Considering the allegations now raised against Microsoft, users may be concerned about the other half of their partnership. While resources like the Compliance Centre are useful, the developers need to maintain compliance with their own stated standards.

Two-Factor Authentication

A key step towards enhanced security in Office 365 is the enabling of its two-factor authentication (2FA) features. This can add a robust layer of protection to the system’s perimeter and lower the risks of password cracking.

2FA is similar to two-step verification (2SV), but differs in that it demands more definitive proof of each login’s authenticity. With 2FA, users who want to access their Office 365 account will first have to input their password, and then prove that they have access to a seperate verified device, like their phone.

After the password has been submitted, users are prompted to confirm their identity via their smartphone. This can even be done using a fingerprint if the device carries a biometric scanner. 2FA lowers the likelihood of a criminal cracking an employee’s password and gaining access to the network as a whole.

Is OneDrive secure?

At the heart of Office 365 is OneDrive, Microsoft's cloud storage platform. The security of the entire Office 365 system largely depends on OneDrive’s defenses against hacking and cyberattacks.

OneDrive comes with inbuilt security features, including data encryption both in the cloud and on any connected devices. While users are still the ones responsible for maintaining security and compliance, Microsoft provides a safety net. But is OneDrive really as safe as Microsoft makes out?

Although OneDrive hasn’t suffered any headline-grabbing breaches yet, the allegations against Microsoft should encourage users to be sceptical of the company’s security standards. Cloud storage is clearly a useful tool for modern businesses, but customers should make sure they’re choosing the right service for their needs.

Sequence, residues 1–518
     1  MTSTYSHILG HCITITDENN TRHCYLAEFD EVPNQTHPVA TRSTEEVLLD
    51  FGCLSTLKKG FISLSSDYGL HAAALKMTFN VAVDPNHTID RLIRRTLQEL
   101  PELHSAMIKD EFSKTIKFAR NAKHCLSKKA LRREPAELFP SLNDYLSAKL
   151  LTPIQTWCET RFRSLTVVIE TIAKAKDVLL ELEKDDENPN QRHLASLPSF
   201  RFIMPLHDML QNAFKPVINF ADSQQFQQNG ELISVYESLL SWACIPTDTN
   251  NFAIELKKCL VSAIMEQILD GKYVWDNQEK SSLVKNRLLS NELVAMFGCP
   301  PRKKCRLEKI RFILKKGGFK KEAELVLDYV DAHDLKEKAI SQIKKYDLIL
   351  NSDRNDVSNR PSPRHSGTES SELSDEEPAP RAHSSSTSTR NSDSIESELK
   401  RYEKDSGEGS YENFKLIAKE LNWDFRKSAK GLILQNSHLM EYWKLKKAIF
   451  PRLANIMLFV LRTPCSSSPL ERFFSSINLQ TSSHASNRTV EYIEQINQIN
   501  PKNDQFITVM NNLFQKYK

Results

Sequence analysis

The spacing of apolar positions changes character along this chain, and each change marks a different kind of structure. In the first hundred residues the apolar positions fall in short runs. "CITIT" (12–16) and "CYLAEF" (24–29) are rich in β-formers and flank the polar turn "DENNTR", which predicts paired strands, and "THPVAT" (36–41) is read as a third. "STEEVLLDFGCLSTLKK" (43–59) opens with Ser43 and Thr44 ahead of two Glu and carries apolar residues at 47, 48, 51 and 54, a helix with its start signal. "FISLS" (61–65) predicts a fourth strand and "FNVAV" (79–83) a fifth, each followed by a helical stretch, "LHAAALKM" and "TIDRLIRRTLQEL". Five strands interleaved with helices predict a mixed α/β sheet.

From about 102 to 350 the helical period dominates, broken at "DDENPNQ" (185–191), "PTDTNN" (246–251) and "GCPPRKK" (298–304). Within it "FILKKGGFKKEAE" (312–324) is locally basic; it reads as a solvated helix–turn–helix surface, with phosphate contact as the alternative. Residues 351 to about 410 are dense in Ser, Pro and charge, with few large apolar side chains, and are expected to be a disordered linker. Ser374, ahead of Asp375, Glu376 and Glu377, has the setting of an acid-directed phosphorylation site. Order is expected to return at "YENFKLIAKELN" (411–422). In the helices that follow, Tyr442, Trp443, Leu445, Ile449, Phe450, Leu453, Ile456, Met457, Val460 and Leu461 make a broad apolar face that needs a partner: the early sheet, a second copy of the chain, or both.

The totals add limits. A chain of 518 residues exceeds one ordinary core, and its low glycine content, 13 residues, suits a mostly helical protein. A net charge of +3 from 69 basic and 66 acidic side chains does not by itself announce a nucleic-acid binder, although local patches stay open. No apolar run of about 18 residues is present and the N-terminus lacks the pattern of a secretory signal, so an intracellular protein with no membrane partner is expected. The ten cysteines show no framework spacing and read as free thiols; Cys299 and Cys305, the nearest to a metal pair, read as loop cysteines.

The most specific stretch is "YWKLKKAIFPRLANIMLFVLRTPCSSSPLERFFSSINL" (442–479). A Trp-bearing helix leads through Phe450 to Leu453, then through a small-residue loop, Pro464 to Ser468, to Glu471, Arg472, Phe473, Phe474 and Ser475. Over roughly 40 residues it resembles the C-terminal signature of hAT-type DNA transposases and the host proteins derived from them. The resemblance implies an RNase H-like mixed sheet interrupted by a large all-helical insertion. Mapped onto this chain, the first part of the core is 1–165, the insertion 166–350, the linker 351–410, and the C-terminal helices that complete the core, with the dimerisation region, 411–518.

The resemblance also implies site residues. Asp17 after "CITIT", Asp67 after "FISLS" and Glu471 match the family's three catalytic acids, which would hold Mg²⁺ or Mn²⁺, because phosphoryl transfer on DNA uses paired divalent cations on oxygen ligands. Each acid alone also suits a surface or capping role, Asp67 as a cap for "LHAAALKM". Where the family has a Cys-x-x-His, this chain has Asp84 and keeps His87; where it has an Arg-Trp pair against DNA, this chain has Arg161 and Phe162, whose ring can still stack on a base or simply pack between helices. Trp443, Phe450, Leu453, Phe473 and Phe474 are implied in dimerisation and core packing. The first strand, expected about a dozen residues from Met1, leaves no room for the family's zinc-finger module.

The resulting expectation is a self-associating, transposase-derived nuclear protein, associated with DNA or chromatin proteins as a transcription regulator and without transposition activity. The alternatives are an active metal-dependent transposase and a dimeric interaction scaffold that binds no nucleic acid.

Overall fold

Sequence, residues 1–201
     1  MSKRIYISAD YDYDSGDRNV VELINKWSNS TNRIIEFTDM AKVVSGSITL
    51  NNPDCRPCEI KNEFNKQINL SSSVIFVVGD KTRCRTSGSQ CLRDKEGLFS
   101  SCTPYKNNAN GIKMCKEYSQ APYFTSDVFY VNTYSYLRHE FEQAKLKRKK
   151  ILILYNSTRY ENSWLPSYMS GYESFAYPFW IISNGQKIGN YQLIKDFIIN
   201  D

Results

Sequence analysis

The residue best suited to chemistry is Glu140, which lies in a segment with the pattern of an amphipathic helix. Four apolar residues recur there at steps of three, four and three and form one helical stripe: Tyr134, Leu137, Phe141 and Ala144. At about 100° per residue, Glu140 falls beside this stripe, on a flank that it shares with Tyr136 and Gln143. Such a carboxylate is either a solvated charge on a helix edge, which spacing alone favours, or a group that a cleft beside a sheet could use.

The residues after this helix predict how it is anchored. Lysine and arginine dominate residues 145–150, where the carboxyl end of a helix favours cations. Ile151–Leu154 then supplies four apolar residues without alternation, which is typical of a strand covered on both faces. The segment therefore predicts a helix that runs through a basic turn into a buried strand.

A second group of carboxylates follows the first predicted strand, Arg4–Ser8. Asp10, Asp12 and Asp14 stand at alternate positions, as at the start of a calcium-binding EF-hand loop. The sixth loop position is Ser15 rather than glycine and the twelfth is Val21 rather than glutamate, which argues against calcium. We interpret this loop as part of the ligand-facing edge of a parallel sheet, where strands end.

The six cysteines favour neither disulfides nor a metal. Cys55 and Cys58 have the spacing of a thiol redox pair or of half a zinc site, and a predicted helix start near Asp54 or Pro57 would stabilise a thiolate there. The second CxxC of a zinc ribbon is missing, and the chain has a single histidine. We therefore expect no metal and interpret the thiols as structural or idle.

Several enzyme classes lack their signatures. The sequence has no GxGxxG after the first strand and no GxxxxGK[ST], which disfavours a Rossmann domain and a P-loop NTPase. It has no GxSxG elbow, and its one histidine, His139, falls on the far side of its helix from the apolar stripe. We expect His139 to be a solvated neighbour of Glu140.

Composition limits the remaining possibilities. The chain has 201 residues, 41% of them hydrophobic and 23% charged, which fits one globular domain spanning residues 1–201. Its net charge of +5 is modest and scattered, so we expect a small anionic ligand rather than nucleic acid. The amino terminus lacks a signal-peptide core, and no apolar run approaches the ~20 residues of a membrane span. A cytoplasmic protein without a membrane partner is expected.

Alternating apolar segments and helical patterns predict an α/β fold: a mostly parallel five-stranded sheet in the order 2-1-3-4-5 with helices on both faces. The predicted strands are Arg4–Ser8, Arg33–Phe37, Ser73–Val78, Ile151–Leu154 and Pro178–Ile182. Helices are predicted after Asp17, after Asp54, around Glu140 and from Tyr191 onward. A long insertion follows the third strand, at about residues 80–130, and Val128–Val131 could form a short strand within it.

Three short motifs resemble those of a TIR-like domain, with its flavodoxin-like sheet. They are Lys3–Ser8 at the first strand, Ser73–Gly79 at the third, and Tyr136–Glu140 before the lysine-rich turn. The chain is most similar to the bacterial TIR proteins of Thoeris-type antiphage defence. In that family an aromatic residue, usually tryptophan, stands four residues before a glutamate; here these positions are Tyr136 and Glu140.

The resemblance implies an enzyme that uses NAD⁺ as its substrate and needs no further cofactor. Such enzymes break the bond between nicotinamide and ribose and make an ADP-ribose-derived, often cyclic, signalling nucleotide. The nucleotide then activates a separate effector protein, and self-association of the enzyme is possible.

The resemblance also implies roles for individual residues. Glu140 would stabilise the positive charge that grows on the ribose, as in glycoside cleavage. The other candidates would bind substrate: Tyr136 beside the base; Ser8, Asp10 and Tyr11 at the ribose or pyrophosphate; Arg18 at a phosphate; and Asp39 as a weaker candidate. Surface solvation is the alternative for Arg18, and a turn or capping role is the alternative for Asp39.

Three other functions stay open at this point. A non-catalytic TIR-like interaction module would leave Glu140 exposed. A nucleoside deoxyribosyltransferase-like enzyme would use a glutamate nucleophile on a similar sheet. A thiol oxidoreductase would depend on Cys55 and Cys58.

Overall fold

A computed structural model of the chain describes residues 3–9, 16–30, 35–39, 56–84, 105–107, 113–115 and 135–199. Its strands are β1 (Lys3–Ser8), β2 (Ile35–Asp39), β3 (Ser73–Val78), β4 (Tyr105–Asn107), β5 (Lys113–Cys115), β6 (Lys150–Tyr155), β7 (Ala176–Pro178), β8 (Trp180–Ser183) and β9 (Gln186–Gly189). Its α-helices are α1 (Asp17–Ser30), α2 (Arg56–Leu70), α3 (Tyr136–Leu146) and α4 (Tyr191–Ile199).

Make Microsoft Office 365 more secure in 4 steps

Businesses cannot afford to view a software suite like Office 365 as a one-size-fits-all solution. Security measures work best when layered with other complimentary systems, buttressed by human-assured best practices.

Take these four steps to make Office 365 more secure, so you can enjoy maximum benefits with minimum risk.

    1. Enable two-factor authentication. With 2FA enabled, a hacker would need both your login credentials and access to your designated mobile device to break into your account. This can dramatically reduce the likelihood of an attack successfully penetrating a network’s outer perimeter and lowers the risks of Office 365 being compromised through brute force attacks.
    2. Encrypt and back up essential data. Protecting your data is vital for two reasons. Firstly, data loss can occur through a variety of channels and cause enormous financial losses. Furthermore, ransomware attacks are on the rise. If you encrypt and backup your data, it can’t be sold online or held for ransom. So try using a cloud storage service that also offers encryption – like NordLocker.
    3. Use all available tools to enhance email security. To ensure that your emails don’t become an access point for cybercriminals, take advantage of Microsoft’s Advanced Threat Protection system and adjust all in-email filtering systems to limit exposure to risk. Use 2FA to limit the dangers of spear-phishing attacks. Finally, ensure that employees are regularly updated on best practices and threat developments, so they can be empowered to spot and prevent attacks wherever possible.
    4. Ensure that employees use a VPN. No matter how many advanced threat prevention systems you buy, an employee’s compromised device can still give hackers access to Office 365 and the data stored on your OneDrive cloud. To combat the dangers of unsecured endpoints, ensure that employees use a VPN to encrypt their data.

With NordVPN, you can ensure that all browsing traffic, including passwords and other sensitive information, is wrapped in layers of next-generation encryption. For corporate clients, the NordVPN Teams service offers a bespoke enterprise solution that can work in tandem with software like Office 365. Securing your data is a process; start with NordVPN.

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Malcolm Higgins
Malcolm Higgins successVerified author

Malcolm is a content writer specializing in cybersecurity and tech news. With a background in journalism and a passion for digital privacy, he hopes his work will empower people to control their own data.